All Points East - Friday and Saturday Review
From lightning storms to confetti canons, psychedelic graphic projections to a diverse and exciting line up 'All Points East' has already managed to establish itself as one to watch out for in the future, an excellent start to festival season.
When I first read the line up for APE I was certain that there had been an error. After all, how could a brand new festival score massive headliners like LCD Soundsystem, The XX and Bjork? Luckily, I had not been tricked. Headed up by the creators of Coachella this weekend felt like a curated piece of art in itself. The set up of the actual festival, situated in the gorgeous Victoria Park, was not particularly flashy but instead a focus was placed on the performances of the artists, each one a curated piece of art as well.
My weekend began with Confidence Man in the West Arena. To call it a tent would be too big of an understatement. One of the five stages at the festival, the West Arena created a definite intimacy and focus on the performers. This venue aided itself well to Confidence Man who seemed of another world as they threw their limbs in all directions with deadpan expressions, changing costumes after every other song. They attribute their success to the fact that they have "no idea what the fuck we're doing" and this freedom, sense of boundless enjoyment and enthusiasm is what made them such a treat to watch live.
Next in the West Arena was Superorganism. The eight-piece have always fascinated me with their DIY electro-pop vibe. When watching them it felt more appropriate to view them as a project rather than a band, with their set littered with video game like projections and light shows as they sang in rain macs coated in glitter. The energy in the room was palpable as people were transfixed on this glorious spectacle- one of my personal highlights of the two days.
Another highlight of mine was Young Fathers on the Main Stage. Throughout their entire set, their energy was infectious and managed to rally the whole crowd into a state of joy and dancing, a tough task for such a large audience. Later on the same stage Glass Animals attempted the same task but fell a little short of the same energy. Although they performed well there was something missing as they failed to create the same audience reaction as I have seen them achieve before. Perhaps they would have been better placed on one of the smaller stages.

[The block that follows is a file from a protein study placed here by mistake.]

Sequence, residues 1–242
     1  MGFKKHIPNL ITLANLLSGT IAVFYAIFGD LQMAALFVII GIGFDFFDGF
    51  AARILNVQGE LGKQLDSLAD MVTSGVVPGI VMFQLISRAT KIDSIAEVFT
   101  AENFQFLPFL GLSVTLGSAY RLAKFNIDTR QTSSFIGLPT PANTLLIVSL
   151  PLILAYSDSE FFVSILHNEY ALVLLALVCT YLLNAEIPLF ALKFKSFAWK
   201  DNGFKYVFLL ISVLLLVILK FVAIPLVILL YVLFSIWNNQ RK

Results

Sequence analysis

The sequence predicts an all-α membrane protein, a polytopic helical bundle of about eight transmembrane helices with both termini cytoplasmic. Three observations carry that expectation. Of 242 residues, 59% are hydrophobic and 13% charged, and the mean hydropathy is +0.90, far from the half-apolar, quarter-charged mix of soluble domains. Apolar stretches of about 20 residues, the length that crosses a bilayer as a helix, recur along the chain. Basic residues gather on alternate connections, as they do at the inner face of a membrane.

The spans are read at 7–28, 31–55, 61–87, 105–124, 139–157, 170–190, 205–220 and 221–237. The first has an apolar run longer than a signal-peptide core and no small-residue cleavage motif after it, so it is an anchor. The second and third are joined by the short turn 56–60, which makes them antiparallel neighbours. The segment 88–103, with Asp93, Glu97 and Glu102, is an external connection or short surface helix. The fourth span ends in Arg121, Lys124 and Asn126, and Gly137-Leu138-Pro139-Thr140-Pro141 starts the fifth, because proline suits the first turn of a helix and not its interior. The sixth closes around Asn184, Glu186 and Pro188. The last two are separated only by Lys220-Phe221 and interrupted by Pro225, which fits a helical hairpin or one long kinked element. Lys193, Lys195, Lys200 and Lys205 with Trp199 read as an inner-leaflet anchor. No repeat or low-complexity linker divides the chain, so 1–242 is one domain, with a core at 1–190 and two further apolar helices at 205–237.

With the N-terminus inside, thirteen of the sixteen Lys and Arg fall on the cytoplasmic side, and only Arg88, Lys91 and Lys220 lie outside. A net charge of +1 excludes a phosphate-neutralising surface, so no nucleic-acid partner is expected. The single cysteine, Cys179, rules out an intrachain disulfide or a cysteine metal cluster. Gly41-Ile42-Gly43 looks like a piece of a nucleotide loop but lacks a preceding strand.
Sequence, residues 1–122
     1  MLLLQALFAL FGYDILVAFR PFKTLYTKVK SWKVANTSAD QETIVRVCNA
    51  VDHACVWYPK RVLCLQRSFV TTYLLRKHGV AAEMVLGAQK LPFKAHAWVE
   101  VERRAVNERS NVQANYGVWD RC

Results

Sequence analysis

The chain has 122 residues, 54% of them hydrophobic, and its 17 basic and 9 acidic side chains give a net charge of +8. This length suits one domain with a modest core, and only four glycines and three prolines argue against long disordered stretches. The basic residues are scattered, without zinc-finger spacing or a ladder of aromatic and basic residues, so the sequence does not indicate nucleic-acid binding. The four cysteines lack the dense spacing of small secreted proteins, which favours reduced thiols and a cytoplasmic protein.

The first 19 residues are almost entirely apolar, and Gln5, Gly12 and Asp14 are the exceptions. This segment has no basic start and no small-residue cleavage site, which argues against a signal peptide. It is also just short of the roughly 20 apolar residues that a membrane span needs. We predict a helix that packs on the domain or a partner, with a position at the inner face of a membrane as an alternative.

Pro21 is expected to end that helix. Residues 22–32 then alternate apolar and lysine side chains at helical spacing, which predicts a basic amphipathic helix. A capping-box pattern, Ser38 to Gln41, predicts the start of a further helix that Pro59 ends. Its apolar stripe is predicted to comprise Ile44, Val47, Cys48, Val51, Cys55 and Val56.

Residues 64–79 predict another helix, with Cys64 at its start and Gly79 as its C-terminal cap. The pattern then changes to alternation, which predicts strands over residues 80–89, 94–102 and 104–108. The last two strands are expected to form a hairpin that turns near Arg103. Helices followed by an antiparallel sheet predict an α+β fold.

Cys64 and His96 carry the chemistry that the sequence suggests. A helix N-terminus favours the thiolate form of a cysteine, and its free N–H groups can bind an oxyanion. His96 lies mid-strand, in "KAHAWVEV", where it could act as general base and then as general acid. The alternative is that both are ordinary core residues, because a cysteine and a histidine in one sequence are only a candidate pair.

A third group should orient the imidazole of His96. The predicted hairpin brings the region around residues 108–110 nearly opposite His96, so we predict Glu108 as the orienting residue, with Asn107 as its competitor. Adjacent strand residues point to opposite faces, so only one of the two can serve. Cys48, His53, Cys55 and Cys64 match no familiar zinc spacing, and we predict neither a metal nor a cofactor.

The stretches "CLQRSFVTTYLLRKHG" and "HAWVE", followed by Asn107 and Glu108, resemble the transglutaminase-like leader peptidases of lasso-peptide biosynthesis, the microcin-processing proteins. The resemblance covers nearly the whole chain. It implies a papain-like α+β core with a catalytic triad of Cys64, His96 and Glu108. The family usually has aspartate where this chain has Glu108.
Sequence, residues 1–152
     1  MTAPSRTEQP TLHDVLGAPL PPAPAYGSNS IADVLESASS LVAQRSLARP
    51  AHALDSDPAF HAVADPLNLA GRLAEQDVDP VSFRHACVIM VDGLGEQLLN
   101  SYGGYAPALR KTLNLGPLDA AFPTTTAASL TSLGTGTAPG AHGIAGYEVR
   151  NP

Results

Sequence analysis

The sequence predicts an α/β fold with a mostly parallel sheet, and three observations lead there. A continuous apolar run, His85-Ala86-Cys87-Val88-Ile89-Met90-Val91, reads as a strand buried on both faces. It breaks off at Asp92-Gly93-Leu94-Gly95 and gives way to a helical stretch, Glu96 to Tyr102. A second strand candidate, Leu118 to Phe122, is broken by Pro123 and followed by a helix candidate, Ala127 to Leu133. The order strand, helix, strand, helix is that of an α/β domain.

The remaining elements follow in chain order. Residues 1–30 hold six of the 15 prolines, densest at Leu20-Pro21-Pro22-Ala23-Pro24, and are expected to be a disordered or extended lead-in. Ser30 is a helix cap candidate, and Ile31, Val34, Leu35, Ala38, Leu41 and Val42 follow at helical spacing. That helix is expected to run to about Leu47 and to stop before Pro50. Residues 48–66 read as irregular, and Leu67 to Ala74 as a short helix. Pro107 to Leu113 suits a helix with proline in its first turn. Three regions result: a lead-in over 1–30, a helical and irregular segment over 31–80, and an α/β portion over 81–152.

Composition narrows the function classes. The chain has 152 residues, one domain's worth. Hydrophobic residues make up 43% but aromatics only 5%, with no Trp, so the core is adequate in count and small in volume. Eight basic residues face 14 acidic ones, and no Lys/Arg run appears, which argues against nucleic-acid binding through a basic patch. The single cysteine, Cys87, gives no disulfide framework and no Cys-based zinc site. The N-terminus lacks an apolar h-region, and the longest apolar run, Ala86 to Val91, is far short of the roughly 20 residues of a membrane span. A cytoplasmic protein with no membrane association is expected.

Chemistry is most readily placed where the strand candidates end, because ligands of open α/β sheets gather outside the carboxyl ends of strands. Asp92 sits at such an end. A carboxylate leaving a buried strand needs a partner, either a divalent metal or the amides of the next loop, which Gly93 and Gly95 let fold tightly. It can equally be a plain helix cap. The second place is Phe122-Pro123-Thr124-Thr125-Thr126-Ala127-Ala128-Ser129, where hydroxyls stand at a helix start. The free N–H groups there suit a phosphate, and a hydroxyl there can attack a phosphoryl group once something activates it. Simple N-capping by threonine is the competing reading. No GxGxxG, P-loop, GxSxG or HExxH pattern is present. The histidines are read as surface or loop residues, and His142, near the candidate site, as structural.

On the smallest stage, the Firestone stage, was where I saw Yonaka. Yonaka astonded me with their volcanic mix of genres and refusal to fit into just one of them. The energy during their set showed just how excited they were to be there and as a result, we were excited for them to be there. It proved to be a ferocious and fiery set, Yonaka are carving their way to bigger things, and they want you to know it.
Phoenix proved to be a surprise success for me, playing on the North Stage. The atmosphere for their set was one I can't quite explain although i'll try my best. It felt as though everybody was feeling the same nostalgia and as Phoenix played their indie-pop sound you were transported to wherever you had listened to them previously, an emotional and honest performance.
By this point I had already squeezed in six different acts into one day and was hungry for more. Back on the Main Stage the Yeah, Yeah, Yeahs performed to perfection. Again, it was a case of energy and enthusiasm and Karen O definitely brought her energy a-game. At times it felt almost as though she was trying to seduce the microphone as she sang all their hits, the intense sound of the crowd singing along adding to the vibe.
Finally, we reached the end of the day and it was time for the headline act for Friday: LCD Soundsystem. You could feel the anticipation from the crowd, crescendoing as they walked on stage and began their set. It was a mix of outstretched arms, bodies bouncing in all directions to the sound, eyes shut and heads nodding and shaking in time to music. It was simple. Pure and unadulterated joy and dancing. LCD Soundsystem performed with control and performed well, leading to the perfect end for the day, hordes of people simply dancing and smiling- an almost childlike freedom lying on everyone's faces.